Fig. 7
figure 7

Two AOH biosynthesis-related gene clusters for C. arbuscula NRRL 3705. a Cluster 35, with 7 genes. b Cluster 44, with 7 genes. The PKS and domains were determined by the BLAST searches against the CDD database

The non-ribosome polypeptide synthase is responsible for the synthesis of peptide secondary metabolites, such as surugamides and ferricrocin [45, 46]. In C. arbuscula, 12 putative NRPS genes were found. According to antiSMASH and MIBiG, cluster 37 and cluster 59 show sequence similarity with the biosynthetic gene cluster of destruxin, a secondary metabolite of non-ribosomal cyclic hexapeptides with insecticidal and pharmaceutically active activities (Additional file 8).

Gene clusters for biosynthesis of other secondary metabolites

In the C. arbusclua genome, seven hybrid NRPS / PKS gene clusters were also predicted. Among them, cluster 26, cluster 41 and cluster 58 show similarity to the gene clusters of aculeacin A, citrinin and isoflavipucine, respectively (Additional file 8) [47,48,49]. Moreover, we also predicted eleven terpene genes, whose products remain to be determined. In addition to the PKS, NRPS, and hybrid NRPS/PKS gene clusters, we also identified 12 gene clusters likely to produce indoles, one hybrid indole-t1PKS and one hybrid t1PKS-terpene. Overall, we have performed a thorough comparative analysis and shown as much information on gene clusters as possible after antiSMASH and gene cluster homology comparisons. We have shown some predicted chemical structures of natural products synthesized by the corresponding gene clusters, while most gene clusters share low sequence identity with others, or produce unknown natural products, which also raises high interests for further investigation of these gene clusters experimentally.

Gene cluster expression by RNA-Seq analysis

Although C. arbuscula contains a large number of biosynthetic gene clusters, this fungus rarely produces secondary metabolites, except aurovertins [16]. It is very likely that under laboratory culture conditions, expression of the core genes of most gene clusters is low. Therefore, RNA-Seq assays were performed and gene expression was evaluated based on FPKM from RNA-Seq. Using three housekeeping genes (gpdA, tubC and actA) as reference genes, we found that only the PKS gene in cluster 23 (aurovetin biosynthetic gene cluster) was expressed at the highest level in core genes of all gene clusters (Fig. 8). These results confirmed that most gene clusters are expressed at low levels or silenced.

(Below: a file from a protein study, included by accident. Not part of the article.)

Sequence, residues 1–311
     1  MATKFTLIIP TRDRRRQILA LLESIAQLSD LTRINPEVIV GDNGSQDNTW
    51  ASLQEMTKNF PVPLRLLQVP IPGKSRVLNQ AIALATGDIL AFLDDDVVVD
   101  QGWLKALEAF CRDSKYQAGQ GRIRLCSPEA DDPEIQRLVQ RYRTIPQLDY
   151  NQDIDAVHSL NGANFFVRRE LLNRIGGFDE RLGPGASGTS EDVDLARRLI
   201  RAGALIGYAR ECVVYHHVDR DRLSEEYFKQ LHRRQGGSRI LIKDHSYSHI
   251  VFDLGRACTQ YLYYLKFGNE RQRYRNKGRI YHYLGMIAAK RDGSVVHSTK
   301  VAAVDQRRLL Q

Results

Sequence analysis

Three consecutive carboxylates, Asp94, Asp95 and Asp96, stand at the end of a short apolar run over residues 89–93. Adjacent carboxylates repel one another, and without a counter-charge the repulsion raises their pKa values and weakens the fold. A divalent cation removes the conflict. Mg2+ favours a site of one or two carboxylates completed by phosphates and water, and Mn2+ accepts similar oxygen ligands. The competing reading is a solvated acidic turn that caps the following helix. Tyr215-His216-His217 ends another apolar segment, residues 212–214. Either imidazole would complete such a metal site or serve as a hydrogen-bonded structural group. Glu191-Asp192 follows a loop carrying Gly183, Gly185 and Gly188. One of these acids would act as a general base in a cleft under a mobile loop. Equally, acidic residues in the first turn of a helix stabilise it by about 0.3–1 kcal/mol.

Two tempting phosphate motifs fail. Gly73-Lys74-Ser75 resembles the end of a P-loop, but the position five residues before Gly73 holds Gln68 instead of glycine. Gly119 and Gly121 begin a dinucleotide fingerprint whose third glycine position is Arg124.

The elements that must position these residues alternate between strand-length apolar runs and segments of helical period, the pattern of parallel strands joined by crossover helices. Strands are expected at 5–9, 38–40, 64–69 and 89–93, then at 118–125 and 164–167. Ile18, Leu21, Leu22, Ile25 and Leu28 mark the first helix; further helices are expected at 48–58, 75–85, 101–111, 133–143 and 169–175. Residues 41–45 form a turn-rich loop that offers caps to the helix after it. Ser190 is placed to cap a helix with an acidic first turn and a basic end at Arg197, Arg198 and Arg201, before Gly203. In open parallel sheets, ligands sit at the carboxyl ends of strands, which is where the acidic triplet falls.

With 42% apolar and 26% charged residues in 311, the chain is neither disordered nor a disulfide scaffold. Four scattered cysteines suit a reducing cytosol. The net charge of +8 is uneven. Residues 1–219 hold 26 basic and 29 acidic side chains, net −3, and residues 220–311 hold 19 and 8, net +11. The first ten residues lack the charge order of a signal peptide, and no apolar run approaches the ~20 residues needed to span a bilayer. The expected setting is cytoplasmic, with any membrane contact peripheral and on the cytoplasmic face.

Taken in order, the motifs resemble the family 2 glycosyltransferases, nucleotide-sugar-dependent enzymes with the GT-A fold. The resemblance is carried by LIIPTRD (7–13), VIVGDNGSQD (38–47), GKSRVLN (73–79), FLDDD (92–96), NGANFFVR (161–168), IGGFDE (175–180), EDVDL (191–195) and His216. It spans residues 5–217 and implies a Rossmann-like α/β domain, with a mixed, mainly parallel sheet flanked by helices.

Fig. 8
figure 8

Comparison the backbone gene experssion of every gene cluster in C. arbuscula NRRL 3705.Heat map of gene expression for the every gene cluster in C. arbuscula NRRL 3705. The house-keeping genes actA, tubC and gpdA are the reference genes

In addition, nine gene clusters contain pathway-specific transcription factors (Additional file 8), which provides the possibility to activate these gene clusters by overexpression of these transcription factors to obtain secondary metabolites.


Calcarisporium arbuscula, an endophytic fungus from the fruit bodies of Russulaceae, produces a variety of secondary metabolites [14,15,16,17], but no a comprehensive survey of the genome and transcriptome of this endophytic fungus has been previously carried out in C. arbuscula up to now.

To further understand this endophytic fungus C. arbuscula, particularly its potential in production of secondary metabolites, in this study, we sequenced the genome of the important endophytic fungus, C. arbuscula. The genome of this fungus is over 45 Mb in size and comprises 10,001 predicted genes in this fungus.

It is worth noting that two of the enriched family is glycoside GH18 family and GH2 family in C .arbuscula (Additional file 7). The fungal glycoside hydrolase GH18 is mainly responsible for remodeling and recovery of the fungal cell wall and other cell wall degrading enzymes [50]. The fungal glycoside hydrolases GH2 can specifically hydrolyze the β-glycosidic bond between d-glucuronidose and aglycon, and has important applications in the diagnosis and drug development of metabolic diseases [51]. We hypothesize that the expansion of GH18 family and GH2 family in C. arbuscula genome may contribute to help the host to resist the attack of other fungi. Endophytic fungus C. arbuscula may also be a mycorrhizal helper fungus, which can promote the growth of mycorrhizal fungi and colonize the roots of the host plant to form a mycorrhizal symbiotic structure, thereby promoting plant growth.